The MAGA maniac who punched a Mexican immigrant and shoved him onto the Union Square subway tracks last week was once convicted of murder in Virginia, prosecutors revealed Friday.
Willie Ames, 47, a parolee from Staten Island with family ties to the Wu-Tang Clan, attacked a construction worker in front of 25 witnesses because of the victim's Mexican heritage, prosecutors charge.
"These are extremely serious and violent charges," the prosecutor, Christopher Rivet, said during Ames' arraignment in Manhattan Criminal Court.
But Ames lawyer implied her client was somehow provoked by the victim.
"Mr. Ames maintains that he was not an instigator of this incident," said his attorney, Eliza Orlins.
In addition to the Virginia murder conviction, Ames has a long criminal history in New York, including a 2008 arrest where he was charged with throwing bleach at people in a deli, a 2011 attempted robbery conviction, and a 2015 bust where cops said he stabbed a man over a dice game.
The charges in the 2015 case were dismissed and sealed, sources said.
On April 20th, Ames, sporting a red "Make America Great Again" hat and shirt, got on an uptown No. 4 train and sat next to victim Luis Lopez, who was riding with a friend.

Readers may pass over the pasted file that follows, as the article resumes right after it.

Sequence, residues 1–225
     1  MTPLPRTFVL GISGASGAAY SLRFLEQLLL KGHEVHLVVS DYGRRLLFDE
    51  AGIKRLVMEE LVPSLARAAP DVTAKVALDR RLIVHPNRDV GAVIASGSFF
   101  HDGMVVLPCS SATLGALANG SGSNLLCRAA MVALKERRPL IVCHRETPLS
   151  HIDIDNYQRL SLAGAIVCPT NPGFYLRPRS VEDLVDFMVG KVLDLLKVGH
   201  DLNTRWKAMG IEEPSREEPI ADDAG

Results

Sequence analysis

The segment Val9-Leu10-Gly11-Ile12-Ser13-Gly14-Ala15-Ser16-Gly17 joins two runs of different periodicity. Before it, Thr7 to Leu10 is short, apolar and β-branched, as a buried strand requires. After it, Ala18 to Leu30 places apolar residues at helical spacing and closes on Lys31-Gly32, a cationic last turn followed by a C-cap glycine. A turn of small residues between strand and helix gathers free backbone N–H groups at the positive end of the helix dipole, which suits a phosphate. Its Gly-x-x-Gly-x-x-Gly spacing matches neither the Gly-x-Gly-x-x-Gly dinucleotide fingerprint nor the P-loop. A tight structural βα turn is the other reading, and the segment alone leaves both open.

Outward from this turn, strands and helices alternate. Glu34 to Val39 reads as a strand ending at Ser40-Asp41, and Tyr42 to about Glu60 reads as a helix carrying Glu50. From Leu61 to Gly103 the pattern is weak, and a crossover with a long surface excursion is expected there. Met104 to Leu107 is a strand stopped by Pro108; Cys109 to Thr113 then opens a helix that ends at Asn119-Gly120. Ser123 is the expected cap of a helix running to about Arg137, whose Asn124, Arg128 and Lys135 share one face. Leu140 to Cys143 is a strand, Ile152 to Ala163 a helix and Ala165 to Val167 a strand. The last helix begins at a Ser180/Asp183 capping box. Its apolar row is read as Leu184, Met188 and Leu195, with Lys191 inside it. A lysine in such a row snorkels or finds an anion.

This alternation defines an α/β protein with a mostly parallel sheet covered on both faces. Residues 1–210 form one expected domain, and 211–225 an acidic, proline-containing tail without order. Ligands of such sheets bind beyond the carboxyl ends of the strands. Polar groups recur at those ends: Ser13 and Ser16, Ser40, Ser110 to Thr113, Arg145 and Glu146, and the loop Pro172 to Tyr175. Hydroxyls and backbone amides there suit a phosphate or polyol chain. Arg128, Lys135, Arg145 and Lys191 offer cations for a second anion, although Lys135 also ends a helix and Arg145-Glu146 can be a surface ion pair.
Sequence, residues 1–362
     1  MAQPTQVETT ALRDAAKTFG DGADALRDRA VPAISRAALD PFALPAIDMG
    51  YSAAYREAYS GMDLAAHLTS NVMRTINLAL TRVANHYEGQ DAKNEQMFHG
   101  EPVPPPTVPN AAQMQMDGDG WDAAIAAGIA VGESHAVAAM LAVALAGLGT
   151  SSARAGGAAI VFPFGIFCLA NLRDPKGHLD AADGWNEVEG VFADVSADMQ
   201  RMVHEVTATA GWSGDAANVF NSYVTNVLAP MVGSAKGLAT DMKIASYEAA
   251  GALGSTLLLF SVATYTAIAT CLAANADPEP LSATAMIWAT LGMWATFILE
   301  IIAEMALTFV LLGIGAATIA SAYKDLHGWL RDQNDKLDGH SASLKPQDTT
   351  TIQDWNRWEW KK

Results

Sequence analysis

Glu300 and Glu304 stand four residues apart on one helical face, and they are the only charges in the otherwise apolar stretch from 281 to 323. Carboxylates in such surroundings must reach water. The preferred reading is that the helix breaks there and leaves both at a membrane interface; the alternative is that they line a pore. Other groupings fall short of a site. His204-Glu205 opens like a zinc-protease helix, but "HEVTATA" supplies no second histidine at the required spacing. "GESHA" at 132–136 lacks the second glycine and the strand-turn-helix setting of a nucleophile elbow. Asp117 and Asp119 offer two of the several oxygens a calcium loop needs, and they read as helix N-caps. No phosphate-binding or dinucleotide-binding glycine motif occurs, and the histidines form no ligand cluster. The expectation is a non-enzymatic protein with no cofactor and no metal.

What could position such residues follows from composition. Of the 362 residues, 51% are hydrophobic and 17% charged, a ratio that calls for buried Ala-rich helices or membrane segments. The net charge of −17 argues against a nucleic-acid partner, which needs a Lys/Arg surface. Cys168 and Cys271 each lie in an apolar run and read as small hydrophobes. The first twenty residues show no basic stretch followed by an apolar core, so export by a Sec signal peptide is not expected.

Ames turned to the two men and began spewing racist epithets, prosecutors charge.
"F---ing Mexicans. You people are dirty. You people are nasty," Ames said, according to court papers.
At Union Square, Ames allegedly grabbed Lopez by his clothing, pulled him onto the subway platform and punched him three times in the face, before throwing him onto the train tracks.
Prosecutors say they have video showing Lopez being "tossed in the air" and landing on the tracks
Ames, who was nabbed Thursday, is charged with assault as a hate crime and aggravated harassment.
"I don't know why he targeted me," Lopez told the Daily News Monday. "He started yelling that I was there to take his job and that we bring drugs here."
Lopez, who emigrated from Mexico six years ago, needed staples to close a cut to his scalp, according to court papers. He was treated at Bellevue Hospital.
"Thank God there wasn't a train coming — it would have been a sure death,” he said Monday.
In court, Ames wore gray sweatpants, black sweatshirt — and no Trump paraphernalia. Judge Suzanne Adams ordered him held without bail.